For all industry sectors, the increase in the number of IP network connections on their IT systems, combined with increasingly sophisticated and professional hackers mean that the risk of cyber-attacks is higher than ever – with potentially astronomical financial consequences. 

industrial-security_UNEAll industry sectors are vulnerable, say the experts. According to  Hervé Guillou, chairman of the Conseil des Industries de Confiance et de Sécurité, a group of French companies in the defence and security industries, the banking sector is in the lead when it comes to IT security precautions, but the energy and utility industries (oil, gas, electricity, water), telecoms, manufacturing and transport need to step up their efforts.

yber-security: some guidelines

To increase awareness of cyber-security risks in industry,  France’s Agence Nationale de la Security des Systèmes d’Information, a division of the French defence and security ministry,

published a report on industrial IT security systems (control-command systems, field buses, sensors and actuators, production, engineering and maintenance software programmes). The report highlights the principles of IT security, which are “practically never applied”:

  • Staff awareness
  • Mapping installations and risk analysis
  • Prevention
  • Surveillance of installations and incident detection
  • Incident and alert management
  • Threat and vulnerability monitoring
  • Disaster recovery and business continuity plans.

These basic guidelines could, according to the ANSSI, “prevent 95% of risks”, but providing Management allocate the necessary “equipment and financial, organisational and human resources.

How to handle a cyber-attack?

According to Sébastien Héon of Airbus Defence and Space, organisations should plan ahead and prepare for cyber-attacks in order to make the right decisions in a crisis situation. This will mean that the situation can be “handled in a reasonable and adequate manner, and in the perimeter that’s really affected.”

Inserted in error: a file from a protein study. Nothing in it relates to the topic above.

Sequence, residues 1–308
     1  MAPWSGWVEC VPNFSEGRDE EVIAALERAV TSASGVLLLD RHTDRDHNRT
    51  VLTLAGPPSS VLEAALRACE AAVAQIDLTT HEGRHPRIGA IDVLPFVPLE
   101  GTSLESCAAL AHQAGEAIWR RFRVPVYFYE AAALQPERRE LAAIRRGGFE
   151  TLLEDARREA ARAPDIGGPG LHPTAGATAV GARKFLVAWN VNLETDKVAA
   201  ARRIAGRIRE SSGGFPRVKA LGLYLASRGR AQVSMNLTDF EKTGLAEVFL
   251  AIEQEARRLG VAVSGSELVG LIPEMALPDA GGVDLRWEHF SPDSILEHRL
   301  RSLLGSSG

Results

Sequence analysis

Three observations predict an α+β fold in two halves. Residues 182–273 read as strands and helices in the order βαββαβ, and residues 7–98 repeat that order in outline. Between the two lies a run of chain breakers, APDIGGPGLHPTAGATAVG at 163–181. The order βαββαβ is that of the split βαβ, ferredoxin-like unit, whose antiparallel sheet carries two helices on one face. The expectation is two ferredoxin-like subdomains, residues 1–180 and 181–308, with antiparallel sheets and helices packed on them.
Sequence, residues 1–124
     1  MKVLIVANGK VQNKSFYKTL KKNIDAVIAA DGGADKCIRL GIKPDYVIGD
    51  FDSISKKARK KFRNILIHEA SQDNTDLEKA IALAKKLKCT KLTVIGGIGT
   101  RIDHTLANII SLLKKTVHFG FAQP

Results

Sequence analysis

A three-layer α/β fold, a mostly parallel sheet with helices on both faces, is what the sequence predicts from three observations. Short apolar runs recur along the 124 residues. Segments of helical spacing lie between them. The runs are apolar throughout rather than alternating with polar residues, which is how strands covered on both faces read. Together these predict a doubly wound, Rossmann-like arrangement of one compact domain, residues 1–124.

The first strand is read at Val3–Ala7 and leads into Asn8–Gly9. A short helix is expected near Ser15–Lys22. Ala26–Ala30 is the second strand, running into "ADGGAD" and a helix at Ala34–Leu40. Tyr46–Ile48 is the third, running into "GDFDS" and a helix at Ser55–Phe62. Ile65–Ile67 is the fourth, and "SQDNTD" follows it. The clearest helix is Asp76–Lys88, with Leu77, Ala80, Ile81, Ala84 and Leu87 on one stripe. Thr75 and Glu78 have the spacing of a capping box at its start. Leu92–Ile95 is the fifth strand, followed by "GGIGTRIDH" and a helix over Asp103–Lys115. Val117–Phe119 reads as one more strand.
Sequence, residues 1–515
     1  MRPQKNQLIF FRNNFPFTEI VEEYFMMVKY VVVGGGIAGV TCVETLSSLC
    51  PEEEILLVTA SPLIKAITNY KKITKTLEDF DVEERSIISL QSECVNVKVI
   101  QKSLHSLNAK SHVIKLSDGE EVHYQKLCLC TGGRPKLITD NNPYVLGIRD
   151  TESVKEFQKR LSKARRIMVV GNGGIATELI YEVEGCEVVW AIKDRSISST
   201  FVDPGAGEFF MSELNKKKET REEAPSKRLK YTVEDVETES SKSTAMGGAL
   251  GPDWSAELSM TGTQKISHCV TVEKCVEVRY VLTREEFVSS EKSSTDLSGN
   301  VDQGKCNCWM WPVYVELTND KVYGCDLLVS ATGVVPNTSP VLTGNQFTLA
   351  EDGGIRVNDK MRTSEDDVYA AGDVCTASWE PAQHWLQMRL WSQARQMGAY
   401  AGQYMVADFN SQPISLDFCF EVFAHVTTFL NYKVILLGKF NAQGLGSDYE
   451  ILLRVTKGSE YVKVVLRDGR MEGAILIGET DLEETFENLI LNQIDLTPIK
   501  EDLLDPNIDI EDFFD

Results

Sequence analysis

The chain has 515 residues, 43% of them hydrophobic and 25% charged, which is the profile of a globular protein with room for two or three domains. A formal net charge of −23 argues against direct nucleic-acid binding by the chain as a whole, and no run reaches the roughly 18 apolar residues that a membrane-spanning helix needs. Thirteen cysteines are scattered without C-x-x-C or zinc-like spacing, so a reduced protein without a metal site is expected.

Héon believes it is crucial to “implement a crisis cell combining the necessary skills: people from IT, security and operational staff to measure the impact of crisis management on the way the company runs.”

Another vital element is internal communication, says Héon, as “disruptions on the IT network affect all the end-users.”

Héon concludes that these measures can only be implemented smoothly if “there is adequate preparation for the operational management of a cyber-attack and if staff are adequately briefed on the implications of cyber-security.”

The challenges of cyber-space and cyber-security

Interviewed by ParisTech Review, Hervé Guillou, chairman of the Conseil des Industries de Confiance et de Sécurité, described cyber-space, where IP connections mean that “physical layers (cables, underwater networks, radio or satellite links), IT layers (PCs, servers, software, etc.) and information layers (data, applications) and general, industrial and embedded IT systems” are all interconnected. This forms a huge, permeable space with numerous entry points for cyber-criminals with aims ranging from stealing credit card codes to industrial sabotage and espionage or national and international terrorism. These spaces are essential for a “country’s economic resilience, its banks, its energy supplies,” points out Guillou.


Cyber-attacks: a few figures (2013)

  • 34 industrial attacks in 2010; 257 in 2013, according to the US-CERT (United States Computer Emergency Readiness team)
  • €190 billion in losses from cybercrime
  • 26 million malwares
  • 70,000 new threats a day
  • 416 days: the average time it takes to identify a sophisticated attack.